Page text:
Systems Approach to Assessing the Vulnerabilities of U.S. Domestic Sea Ports to Acts of Sabotage and Terrorism [open pdf - 856KB]
"The U.S. national security strategy provides for two, nearly simultaneous, major regional contingency (MRC) operations. The U.S. Armed Forces transport more than 85% of their required sustainment supplies by sea. Strategic mobility planners assume that U.S. port operations can support the required deployment schedule without experiencing degradation or damage. Given the inherent vulnerability of seaports in our free and open society, the real issue is to determine the extent to which the ports are vulnerable. No agency or armed service has clearly determined the degree of vulnerability of domestic ports and terminals. There is no existing methodology to accurately assess the overall vulnerability of a port, thus, the current, subjective evaluations fail to adequately analyze real-world vulnerability. This research systematically combines the individual components of port security assessment into one comprehensive approach that will aid commanders and port authorities in accurately identifying threat, vulnerability, and risk; thus, providing useful information with which to tailor port security operations. The primary focus is on the vulnerability assessment and prescribes two interrelated measures to enhance the accuracy and usefulness of a vulnerability assessment. The first measure provides recommended guidelines in the identification of critical assets. The second provides an objective, analytical method to assess the vulnerability of critical assets. The conclusion of this research is that a systems approach is required in order to accurately assess port security. The Department of Defense and the Department of Transportation, the two departments with key responsibilities for strategic mobility, must confirm or disprove the validity of the assumption concerning port security."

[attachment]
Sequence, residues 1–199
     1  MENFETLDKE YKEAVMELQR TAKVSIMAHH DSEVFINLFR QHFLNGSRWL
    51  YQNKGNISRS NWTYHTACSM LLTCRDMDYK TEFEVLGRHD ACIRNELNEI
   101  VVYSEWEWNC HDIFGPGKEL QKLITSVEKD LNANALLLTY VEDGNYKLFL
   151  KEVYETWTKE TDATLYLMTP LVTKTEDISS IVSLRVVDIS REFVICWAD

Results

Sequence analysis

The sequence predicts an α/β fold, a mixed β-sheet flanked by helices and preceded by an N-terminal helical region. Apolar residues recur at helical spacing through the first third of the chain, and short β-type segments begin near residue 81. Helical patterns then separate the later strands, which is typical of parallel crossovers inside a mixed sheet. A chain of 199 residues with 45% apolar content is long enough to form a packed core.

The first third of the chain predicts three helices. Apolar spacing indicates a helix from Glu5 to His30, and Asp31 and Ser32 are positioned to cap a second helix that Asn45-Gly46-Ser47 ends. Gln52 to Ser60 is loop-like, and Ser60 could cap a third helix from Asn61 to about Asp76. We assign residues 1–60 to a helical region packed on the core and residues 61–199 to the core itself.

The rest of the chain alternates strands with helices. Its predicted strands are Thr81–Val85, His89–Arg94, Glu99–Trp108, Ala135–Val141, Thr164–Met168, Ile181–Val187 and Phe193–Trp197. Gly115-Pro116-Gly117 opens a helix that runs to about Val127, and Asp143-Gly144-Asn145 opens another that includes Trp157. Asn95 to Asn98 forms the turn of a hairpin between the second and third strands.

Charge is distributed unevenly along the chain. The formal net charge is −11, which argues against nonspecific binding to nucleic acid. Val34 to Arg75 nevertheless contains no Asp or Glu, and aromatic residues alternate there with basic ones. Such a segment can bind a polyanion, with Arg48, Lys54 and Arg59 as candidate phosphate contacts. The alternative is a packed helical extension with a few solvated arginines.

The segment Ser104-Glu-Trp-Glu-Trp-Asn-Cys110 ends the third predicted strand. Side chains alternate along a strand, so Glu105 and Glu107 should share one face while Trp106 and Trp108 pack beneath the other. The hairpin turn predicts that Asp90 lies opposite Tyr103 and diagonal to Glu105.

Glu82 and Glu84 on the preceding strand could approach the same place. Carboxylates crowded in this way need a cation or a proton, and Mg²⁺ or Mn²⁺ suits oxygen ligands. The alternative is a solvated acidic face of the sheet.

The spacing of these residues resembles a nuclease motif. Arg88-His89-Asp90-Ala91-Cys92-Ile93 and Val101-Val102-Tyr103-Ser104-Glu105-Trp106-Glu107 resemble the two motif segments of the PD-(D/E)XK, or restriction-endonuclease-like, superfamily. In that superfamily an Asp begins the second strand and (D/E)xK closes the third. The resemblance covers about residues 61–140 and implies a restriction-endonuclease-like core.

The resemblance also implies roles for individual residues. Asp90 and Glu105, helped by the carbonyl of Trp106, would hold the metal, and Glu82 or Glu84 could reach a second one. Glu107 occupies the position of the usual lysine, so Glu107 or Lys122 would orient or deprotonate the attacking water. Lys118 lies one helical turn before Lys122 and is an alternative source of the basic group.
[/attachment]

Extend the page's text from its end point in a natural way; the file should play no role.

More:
Defense Technical Information Center (DTIC): http://www.dtic.mil/dtic/